Tales of Arise

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Tales of Arise review
Samuel Corey


Give Me Liberty or Give Me Death

The Spark of Revolution

The naming convention of the Tales series has produced some odd titles in the past. It’s hard to keep a straight face when you tell someone you’re playing Tales of Legendia. Still, at least they were all grammatically correct. The same can’t be said for the latest installment: Tales of Arise. Silly name or no, Tales of Arise is a damn good JRPG and may even represent a high-water mark for the whole series.

The game takes place on two planets that seem to be orbiting each other. There’s the advanced sci-fi world with nearly-ubiquitous magic, Rena, and the backward medieval world where magic is rare, Dahna. Three hundred years before the events of the game, Rena invaded Dahna with spaceships, hordes of monsters, and an army of magic wielders. The space-faring civilization easily crushed all opposition from their iron age rivals and enslaved the entire native population. The Renans divided up the world into five regions and appointed a lord to rule over each.

You start the game in control of Black Mask (later you’ll learn his real name is Alphen), a Dahnan slave with no memory, no ability to feel pain, and no face since his head is permanently stuck in an iron mask. A chance encounter one day brings him into contact with Shionne, a Renan renegade who has stolen a powerful artifact, called a Master Core, from the local lord. Despite being a Renan herself, Shionne has an axe to grind with the lords and plans to use this Master Core to kill them all. It’s not a bad plan, as she can use the Master Core to create a powerful weapon: a burning sword, but in a rare concession to realism in fantasy armaments, the burning sword burns the wielder just as badly as anyone else. Lucky for her, Alphen is immune to pain and once they join up they reluctantly agree to work together to defeat the Renan lords and free Dahna.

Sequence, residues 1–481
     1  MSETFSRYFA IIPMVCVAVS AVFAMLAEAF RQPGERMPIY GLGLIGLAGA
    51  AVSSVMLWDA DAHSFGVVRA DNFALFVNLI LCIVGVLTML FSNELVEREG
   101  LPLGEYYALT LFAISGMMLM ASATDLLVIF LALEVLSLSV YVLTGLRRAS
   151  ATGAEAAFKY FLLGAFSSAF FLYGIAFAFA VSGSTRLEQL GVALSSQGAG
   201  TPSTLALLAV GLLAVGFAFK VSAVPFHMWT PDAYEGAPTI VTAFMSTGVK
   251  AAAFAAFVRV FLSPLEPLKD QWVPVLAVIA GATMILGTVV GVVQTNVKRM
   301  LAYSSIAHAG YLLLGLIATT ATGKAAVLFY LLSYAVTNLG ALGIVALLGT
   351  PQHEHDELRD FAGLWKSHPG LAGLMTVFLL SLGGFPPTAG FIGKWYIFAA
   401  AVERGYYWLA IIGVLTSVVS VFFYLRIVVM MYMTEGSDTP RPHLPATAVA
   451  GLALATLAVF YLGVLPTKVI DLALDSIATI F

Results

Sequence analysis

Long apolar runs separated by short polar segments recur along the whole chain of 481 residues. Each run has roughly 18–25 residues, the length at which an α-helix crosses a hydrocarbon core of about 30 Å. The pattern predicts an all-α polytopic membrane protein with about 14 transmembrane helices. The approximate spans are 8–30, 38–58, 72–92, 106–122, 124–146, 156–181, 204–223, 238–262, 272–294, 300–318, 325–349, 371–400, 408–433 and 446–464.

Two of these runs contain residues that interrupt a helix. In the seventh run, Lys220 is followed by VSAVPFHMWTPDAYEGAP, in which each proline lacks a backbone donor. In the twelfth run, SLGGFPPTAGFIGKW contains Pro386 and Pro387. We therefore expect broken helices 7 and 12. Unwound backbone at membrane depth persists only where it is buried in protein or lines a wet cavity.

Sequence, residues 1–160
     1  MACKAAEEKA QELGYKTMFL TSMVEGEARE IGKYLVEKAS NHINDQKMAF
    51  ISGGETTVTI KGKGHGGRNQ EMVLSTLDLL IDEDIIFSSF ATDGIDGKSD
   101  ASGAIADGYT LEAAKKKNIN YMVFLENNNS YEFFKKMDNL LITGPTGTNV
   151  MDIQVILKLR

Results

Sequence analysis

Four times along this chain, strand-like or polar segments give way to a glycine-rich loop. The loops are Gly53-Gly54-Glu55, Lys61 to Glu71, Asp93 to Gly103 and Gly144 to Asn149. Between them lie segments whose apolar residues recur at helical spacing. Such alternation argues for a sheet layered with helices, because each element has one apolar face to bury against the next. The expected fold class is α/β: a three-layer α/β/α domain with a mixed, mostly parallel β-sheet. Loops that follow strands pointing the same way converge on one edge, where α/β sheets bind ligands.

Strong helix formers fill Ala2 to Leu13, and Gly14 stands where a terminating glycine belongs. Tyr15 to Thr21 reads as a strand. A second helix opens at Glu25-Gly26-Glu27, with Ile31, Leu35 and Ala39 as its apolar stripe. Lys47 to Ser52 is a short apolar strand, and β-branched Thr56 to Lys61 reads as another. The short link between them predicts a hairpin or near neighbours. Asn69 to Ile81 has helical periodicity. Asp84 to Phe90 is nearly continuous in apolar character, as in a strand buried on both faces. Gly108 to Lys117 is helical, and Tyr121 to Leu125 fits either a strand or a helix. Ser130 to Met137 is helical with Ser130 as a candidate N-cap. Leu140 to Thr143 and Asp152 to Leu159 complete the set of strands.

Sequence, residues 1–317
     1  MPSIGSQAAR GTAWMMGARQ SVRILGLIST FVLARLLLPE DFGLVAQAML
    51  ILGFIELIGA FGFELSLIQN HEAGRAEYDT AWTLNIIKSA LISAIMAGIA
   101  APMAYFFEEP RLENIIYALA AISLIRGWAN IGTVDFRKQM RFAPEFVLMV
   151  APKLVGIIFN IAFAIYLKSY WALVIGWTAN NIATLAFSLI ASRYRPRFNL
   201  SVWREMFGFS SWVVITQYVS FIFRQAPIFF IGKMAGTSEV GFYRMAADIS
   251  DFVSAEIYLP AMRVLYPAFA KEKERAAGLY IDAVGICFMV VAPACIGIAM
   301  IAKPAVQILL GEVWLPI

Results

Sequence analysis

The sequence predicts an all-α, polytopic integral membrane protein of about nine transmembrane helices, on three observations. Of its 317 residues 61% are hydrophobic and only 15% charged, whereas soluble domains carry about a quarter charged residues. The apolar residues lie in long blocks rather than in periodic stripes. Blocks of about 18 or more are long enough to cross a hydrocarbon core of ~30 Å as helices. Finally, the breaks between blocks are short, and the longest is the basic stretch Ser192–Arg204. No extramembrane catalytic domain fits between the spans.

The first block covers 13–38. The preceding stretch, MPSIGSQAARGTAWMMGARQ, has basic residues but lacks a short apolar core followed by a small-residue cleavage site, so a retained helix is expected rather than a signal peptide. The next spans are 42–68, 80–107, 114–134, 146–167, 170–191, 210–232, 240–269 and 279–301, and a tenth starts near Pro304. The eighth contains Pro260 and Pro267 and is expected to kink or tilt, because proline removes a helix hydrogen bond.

The focus here, like most Tales games, is on the characters. I’ll admit that Alphen, the amnestic protagonist with a generic desire to do good and fight for freedom is a bit boring. Fortunately, his deuteragonist, Shionne, is more than able to pick up the slack. Her motives are mysterious but it’s obvious from the word go that’s she has her own selfish reasons for everything she does. She doesn’t give a damn about the Dahnans or their plight. She’s arrogant, even cruel at times but it’s obvious that this is a persona she’s had to adopt as a means of survival. Underneath all that she’s vulnerable and lonely. All told, she’s a fascinating character who’s a breath of fresh air in a cultural landscape that’s singularly focused on crafting “strong” female characters. The supporting cast is no slouch either, with a variety of different personalities eventually joining your party that often clash with one another dramatically.

It helps that the voice acting is also of a very high caliber, with Shino Shimoji, the voice actress for Shionne being the obvious standout. The actress does a wonderful job giving the impression of the character’s surface-level coldness/arrogance as well as her hidden vulnerability even in casual dialog. It’s a really great performance that is essential to the game’s emotional weight, as Shionne has to do the heavy lifting for our central couple.